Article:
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Old 05-01-2019, 09:44 AM
  #39  
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Originally Posted by dporto View Post
The fact that Iron expands and contracts at a different rate than the parent material surrounding it (Aluminum) is really all the data I need to tell me that Aluminum sleeves with Nikasil plating are superior to Iron. 10% is a worthwhile up-charge in my book, as a failure down the road will wind up costing much more...
Do not most aluminum engines have cast iron bores? I would think it's a non issue but I'm far from an expert.
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Old 05-01-2019, 10:06 AM
  #40  
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Originally Posted by wsrgklt View Post
I have a row for head refinishing (valve job, surfacing). What else is missing in terms of cylinder heads?

I appreciate your expert input into making this an accurate comparison. Thanks!
i would suggest adding:
new valve guides
new valve seats
new valve springs

also thinking about combustion chamber volume measurement/equalization.
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Old 05-01-2019, 10:20 AM
  #41  
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Originally Posted by Byprodriver View Post
Also consider the different expansion rates of steel vs. aluminum inside a aluminum case.
Spot on. Expansion rate differences indeed come into play here.

We are members of the AERA Engine Builders Association and there was an article a while back about sleeving aluminum blocks, in particular Alusil Audi V8 (however they do show a photo of an M96 block in the article).

Commonly a cast ductile iron sleeve in an alloy block, like an LS engine, requires .002-.003" interference and the block is heated and sleeves chilled prior to installation. When this was attempted with the Alusil block, the block cracked between all the cylinders on one bank.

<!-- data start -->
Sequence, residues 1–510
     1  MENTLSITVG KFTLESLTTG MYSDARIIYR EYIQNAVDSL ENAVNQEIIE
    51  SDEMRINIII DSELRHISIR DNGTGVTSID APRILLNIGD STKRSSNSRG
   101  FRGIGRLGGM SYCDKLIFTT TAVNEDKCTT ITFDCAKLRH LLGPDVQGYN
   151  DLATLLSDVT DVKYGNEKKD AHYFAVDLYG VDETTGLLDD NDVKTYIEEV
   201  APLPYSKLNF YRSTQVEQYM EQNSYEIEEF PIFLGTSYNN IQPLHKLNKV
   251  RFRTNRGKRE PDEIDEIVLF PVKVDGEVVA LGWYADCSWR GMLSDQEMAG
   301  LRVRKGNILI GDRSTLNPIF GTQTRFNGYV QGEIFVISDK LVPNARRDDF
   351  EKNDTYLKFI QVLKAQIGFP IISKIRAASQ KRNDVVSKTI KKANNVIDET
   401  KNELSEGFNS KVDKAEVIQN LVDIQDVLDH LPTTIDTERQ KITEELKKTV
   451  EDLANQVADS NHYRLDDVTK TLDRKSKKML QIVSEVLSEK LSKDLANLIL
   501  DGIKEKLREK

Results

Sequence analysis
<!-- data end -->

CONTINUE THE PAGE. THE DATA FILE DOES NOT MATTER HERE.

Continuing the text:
Through trial and error, they found that they need to reduce the interference to .0005"-.001" to not crack the block, again, per the article.

What I find interesting is that they said that they heated the block to 155F which would open the block up .0008-.0012", which "to our delight, each of the sleeves dropped in quite nicely."

This backs up what I have seen in blocks that we're re-sleeved with Nickies after being done with steel sleeves.




Either the sleeves can move during operation, which in fact we've actually seen them rotate (see above) or they fall out of the block in our ultrasonic which is heated to 180F.

We've also found blocks that were cracked and not salvageable after having been sleeved with steel/iron sleeves as well, like what was mentioned in the AERA article.
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Old 05-01-2019, 10:27 AM
  #42  
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Originally Posted by merlot View Post
Do not most aluminum engines have cast iron bores? I would think it's a non issue but I'm far from an expert.
Has to do with the difference in the casting alloys used on the aluminum blocks and their design. Aluminum blocks that are designed to be sleeved with iron sleeves, like the LS, have wider bore spacings.

Beyond the weight reduction and increased efficiency an all-aluminum engine provides, one of the reasons why OEMs have gone to all aluminum engines without sleeves is to reduce the bore spacing and also allow for larger bores within those constraints.

That's why some blocks take to traditional steel/cast iron sleeves better than others.
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Old 05-01-2019, 10:44 AM
  #43  
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Originally Posted by wsrgklt View Post